I propose as the goal of these exercises to achieve a correct and adjusted performance from the first reading. To do this, analyze the rhythmic elements that each exercise contains. This exercise consists of eight measures in 3/4 using quarter, half, and dotted half notes and rests, and ties. To start reading, mark the pulse and perform the exercise mentally until you can do it correctly. Once this mental reading has been achieved, I suggest you make an audio recording with your first reading of this exercise, whether drumming, singing, or playing on the piano with the metronome. Finally, listen to the recording to self-correct yourself. If you find an error, repeat the exercise until you get a correct recording.


Exercise 11: Rhythmic Composition

Next, I propose you compose a rhythmic exercise of eight bars in 2/4, 3/4, or 4/4 using quarter, half, dotted half, or whole notes and rests, and ties, taking the previous rhythmic exercises as a model. The rhythmic composition exercises will allow you to consolidate the musical elements worked on, they will provide you with additional material to train rhythmic reading at first sight, and will prepare you to work on musical composition. After writing the exercise, record a rhythmic sight-reading of your composition and listen to it. If necessary, repeat the exercise until you obtain a correct recording.


Exercise 12: Rhythmic dictation

Next, I propose you write the rhythm in the following video from listening:

Listen to the exercise as many times as you want. If you need to, you can pause it, rewind it, or fast-forward it. To facilitate the recognition of the beat and the note values, the marking of the beat and the accents of the measure are included. In the beginning, a complete measure is heard with this marking. Write the time signature and the corresponding note values until you complete the exercise. Don't forget to include the bar lines and the end bar line. Once written, listen to the audio again to check. Then do a sight-reading of the exercise.


Exercise 13: Rhythmic-melodic reading

I propose you read the following rhythmic-melodic exercise using the metronome or the video.


To address this topic, you can train four abilities separately: a) spoken notes without rhythm, b) spoken notes with rhythm, c) intoned notes without rhythm, and d) intoned notes with rhythm. Then repeat the exercise without instrumental accompaniment, paying attention to the correct enunciation and intonation of the notes as well as the execution of the rhythm. Finally, record audio using the metronome and listen to it to correct yourself. If you find an error, repeat the exercise until you get a correct recording.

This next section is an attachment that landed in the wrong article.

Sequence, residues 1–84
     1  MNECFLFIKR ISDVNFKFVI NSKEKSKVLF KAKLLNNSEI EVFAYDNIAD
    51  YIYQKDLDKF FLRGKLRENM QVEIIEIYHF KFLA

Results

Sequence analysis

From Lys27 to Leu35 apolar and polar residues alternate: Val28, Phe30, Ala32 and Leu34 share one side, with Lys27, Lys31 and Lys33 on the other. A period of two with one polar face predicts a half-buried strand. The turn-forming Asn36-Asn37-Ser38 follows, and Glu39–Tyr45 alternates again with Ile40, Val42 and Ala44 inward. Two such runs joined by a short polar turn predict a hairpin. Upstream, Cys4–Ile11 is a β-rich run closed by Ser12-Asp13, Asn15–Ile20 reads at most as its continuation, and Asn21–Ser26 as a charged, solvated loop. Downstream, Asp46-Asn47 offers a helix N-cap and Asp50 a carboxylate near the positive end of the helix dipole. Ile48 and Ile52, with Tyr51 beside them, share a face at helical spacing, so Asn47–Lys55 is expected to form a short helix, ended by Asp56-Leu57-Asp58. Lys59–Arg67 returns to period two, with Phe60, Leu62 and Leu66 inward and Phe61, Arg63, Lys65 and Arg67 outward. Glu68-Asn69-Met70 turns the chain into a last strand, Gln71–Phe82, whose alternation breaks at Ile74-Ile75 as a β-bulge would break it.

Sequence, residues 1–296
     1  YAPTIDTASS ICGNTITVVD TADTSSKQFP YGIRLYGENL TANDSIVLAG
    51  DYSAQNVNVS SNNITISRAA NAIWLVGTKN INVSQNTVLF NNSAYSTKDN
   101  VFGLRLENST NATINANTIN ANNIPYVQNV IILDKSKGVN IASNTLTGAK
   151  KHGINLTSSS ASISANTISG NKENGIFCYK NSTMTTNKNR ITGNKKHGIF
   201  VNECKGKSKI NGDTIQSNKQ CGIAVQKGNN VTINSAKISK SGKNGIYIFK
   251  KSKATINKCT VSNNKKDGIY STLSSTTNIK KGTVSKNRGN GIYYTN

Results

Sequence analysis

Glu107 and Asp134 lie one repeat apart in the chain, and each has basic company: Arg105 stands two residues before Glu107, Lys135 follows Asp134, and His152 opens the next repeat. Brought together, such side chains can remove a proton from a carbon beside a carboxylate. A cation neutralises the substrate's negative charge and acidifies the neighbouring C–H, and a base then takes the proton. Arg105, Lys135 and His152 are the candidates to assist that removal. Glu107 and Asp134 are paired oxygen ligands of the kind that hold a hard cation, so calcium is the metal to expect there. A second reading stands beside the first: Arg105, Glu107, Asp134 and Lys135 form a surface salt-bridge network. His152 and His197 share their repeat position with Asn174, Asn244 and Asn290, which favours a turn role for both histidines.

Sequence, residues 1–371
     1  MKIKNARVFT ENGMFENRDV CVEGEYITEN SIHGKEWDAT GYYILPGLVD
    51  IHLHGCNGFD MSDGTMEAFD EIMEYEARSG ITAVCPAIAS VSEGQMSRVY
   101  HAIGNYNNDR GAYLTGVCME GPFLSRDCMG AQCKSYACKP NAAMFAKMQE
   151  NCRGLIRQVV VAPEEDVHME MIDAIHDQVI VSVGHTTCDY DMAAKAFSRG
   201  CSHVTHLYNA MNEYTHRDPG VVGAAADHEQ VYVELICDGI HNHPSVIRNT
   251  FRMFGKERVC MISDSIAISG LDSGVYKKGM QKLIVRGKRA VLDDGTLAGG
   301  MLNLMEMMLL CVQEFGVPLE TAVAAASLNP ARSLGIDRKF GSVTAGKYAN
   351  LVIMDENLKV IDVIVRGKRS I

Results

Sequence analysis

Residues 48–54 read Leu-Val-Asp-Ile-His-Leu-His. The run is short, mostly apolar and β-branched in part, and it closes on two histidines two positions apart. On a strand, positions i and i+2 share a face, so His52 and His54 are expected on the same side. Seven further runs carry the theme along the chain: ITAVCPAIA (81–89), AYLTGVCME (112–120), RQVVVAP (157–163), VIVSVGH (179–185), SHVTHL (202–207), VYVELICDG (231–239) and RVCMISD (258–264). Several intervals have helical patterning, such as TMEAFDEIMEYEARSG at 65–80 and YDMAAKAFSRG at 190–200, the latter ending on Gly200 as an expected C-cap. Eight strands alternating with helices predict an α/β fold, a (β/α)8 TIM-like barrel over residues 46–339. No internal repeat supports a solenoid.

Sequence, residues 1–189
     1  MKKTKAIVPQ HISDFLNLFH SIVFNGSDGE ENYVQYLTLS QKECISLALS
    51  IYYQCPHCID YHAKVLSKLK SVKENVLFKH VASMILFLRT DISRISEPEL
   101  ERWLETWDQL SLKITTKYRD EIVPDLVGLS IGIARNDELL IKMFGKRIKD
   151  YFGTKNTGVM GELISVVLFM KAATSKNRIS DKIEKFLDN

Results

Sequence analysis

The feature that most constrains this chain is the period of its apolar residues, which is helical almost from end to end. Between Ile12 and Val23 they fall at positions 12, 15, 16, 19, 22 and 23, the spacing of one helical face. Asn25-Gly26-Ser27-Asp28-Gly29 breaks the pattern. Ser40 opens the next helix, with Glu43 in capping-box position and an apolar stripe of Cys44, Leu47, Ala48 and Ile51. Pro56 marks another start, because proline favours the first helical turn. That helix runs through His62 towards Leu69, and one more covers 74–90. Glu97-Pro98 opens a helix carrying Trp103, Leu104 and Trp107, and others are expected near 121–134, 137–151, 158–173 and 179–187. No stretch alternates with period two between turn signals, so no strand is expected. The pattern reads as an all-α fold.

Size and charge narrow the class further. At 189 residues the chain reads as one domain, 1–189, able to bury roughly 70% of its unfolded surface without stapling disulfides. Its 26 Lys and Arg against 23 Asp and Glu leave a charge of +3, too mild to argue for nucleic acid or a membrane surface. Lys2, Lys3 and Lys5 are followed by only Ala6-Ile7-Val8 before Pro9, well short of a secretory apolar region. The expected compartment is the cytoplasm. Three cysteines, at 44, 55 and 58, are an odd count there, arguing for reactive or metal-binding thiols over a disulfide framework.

Exercise 14: Rhythmic-melodic sight-reading

After reaching the goal proposed in the previous exercise, I suggest you read the following melody at first sight.

In order to achieve an execution without errors and adjusted from the first reading, I suggest starting with an analysis of its elements. Regarding its rhythmic aspect, this exercise consists of eight bars in 4/4 using quarter, half, and whole notes. Regarding its melodic aspect, it contains four notes (C, D, E, and F) approached by conjunct motion and ascending fourths. To start reading, I suggest you read the notes mentally first without rhythm and then with a regular pulse to smooth out possible difficulties in these aspects. Then I propose you carry out a preparatory exercise of random intonation with these notes, corroborating with the help of the piano if necessary.

Finally, make an audio recording with your first reading of this exercise. If you find an error, repeat the exercise until you get a correct recording.


Exercise 15: Rhythmic-melodic Composition

Next, I propose you compose a rhythmic-melodic exercise of eight bars in 2/4, 3/4, or 4/4 using quarter, half, dotted half, or whole notes, and the notes C, D, E, and F, with repeated notes, conjunct motion, and ascending fourths, taking the previous rhythmic-melodic exercises as a model. The rhythmic-melodic composition exercises will allow you to consolidate the musical elements worked on, they will provide you with additional material to train rhythmic-melodic reading at first sight, and they will prepare you to work on musical composition. After writing the exercise, record a rhythmic-melodic sight-reading of your composition and listen to it. If necessary, repeat the exercise until you obtain a correct recording.